What is a kappa value?
We’ve had a few questions recently about kappa values. This blog post will explain what they are and why they are used.
A kappa value is a measure of the effective heat capacity per unit of area, i.e. a measure of the thermal response characteristics of the construction. In basic terms it shows how well a specific construction will store heat for later use.
To understand why this is important we need to talk about thermal mass. The thermal mass of a building is key when constructing low energy buildings such as Passivhaus. The thermal mass is a building’s ability to absorb, store and release heat. You can think of it like a battery – take a stone floor for example, during the day this will absorb heat, through radiation from the sun or from warm air next to it. When the air is cooler, then the heat will be released from the floor. This can help to even out the temperature of a building.
The kappa value is a measure of how much heat will be stored per metre squared of a specific construction. The higher the number, the more heat will be stored for later release.
How is a Kappa Value calculated?
The heat capacity or kappa value per unit area, k in kJ/m²K, for a construction element can be calculated from:
k = 10-6 × Σ (dj rj cj)
- dj is the thickness of layer (mm)
- rj is density of layer (kg/m³)
- cj is specific heat capacity of layer (J/kg•K)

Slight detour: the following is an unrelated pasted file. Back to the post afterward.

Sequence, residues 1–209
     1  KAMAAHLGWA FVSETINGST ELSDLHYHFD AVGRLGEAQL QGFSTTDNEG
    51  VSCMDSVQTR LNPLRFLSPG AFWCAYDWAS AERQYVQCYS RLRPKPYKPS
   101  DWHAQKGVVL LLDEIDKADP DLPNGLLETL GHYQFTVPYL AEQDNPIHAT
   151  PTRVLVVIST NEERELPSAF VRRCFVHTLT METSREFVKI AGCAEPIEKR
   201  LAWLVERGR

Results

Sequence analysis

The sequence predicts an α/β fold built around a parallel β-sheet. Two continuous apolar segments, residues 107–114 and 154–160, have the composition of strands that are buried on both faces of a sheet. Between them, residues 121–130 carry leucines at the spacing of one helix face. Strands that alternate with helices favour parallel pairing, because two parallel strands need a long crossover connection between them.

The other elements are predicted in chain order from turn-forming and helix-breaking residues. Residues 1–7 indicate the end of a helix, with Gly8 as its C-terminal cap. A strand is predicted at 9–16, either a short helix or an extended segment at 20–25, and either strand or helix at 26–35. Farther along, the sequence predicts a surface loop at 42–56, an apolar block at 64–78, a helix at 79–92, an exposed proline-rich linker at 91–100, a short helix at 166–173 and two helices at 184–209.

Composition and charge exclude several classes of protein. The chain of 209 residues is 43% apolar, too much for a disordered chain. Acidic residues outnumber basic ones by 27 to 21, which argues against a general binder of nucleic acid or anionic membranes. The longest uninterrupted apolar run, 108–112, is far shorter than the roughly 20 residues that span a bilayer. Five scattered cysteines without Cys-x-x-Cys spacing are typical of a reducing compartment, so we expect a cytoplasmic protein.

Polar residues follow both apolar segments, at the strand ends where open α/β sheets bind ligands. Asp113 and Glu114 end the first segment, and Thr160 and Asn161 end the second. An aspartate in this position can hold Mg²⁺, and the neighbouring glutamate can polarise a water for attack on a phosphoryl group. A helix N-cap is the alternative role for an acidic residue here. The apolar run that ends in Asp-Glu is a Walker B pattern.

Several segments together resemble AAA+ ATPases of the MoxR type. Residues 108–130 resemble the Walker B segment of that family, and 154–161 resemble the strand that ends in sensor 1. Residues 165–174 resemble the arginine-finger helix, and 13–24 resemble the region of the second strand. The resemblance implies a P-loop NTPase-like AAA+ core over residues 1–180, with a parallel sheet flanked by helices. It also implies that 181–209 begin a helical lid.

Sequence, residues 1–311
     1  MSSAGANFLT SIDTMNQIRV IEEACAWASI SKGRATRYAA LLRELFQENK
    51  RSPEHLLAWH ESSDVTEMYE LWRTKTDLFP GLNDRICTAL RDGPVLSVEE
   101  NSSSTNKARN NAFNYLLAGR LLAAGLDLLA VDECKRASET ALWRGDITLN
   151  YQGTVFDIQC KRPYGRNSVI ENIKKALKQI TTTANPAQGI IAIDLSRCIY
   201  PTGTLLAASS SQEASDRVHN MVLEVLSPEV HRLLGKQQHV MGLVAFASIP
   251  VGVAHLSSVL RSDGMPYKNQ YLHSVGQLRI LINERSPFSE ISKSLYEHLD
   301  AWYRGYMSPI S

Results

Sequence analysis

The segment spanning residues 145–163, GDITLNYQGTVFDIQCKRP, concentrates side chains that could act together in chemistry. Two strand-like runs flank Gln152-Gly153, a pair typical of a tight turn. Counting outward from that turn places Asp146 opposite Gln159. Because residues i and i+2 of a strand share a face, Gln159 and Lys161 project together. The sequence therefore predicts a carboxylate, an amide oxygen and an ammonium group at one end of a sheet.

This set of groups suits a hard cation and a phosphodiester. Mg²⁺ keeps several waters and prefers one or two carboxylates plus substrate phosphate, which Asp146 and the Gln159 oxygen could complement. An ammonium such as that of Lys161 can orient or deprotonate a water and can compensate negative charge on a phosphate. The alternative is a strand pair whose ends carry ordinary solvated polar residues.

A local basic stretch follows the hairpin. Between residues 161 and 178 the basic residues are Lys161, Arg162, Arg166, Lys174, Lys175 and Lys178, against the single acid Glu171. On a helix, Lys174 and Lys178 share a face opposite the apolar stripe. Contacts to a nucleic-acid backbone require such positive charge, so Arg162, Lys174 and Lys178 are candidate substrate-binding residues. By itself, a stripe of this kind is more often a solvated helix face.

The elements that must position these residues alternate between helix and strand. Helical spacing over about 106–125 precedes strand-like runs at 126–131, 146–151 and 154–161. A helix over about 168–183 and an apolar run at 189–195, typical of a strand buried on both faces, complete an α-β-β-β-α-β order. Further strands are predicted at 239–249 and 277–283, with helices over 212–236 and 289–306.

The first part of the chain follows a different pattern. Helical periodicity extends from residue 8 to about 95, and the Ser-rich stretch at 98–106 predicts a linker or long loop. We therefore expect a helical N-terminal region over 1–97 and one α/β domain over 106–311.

The calculation is over all layers in the element, starting at the inside surface and stopping at whichever of the following conditions is encountered first (which may mean part way through a layer):
- The total thickness of the layers exceeds 100mm
- The mid point of the construction is reached
- An insulation layer is reached (defined as thermal conductivity <= 0.08 W/mK);
How this affects the location of insulation
As an example, let’s look at a concrete floor with an underfloor heating system. Concrete has a high thermal mass and will therefore store more heat. So if you want to continuously heat the building – you would have the concrete between the insulation and your building i.e. a high kappa value so the concrete can store heat, and release it when required. However if you want a quick response from a heating system then the insulation should come before the concrete, giving a low kappa value to that construction element, to prevent the heating system having to heat the concrete. (More information about underfloor heating and flooring can be found on here.)
The specific requirements for the building and heating system will affect the choice of a construction element with a high or low kappa value.
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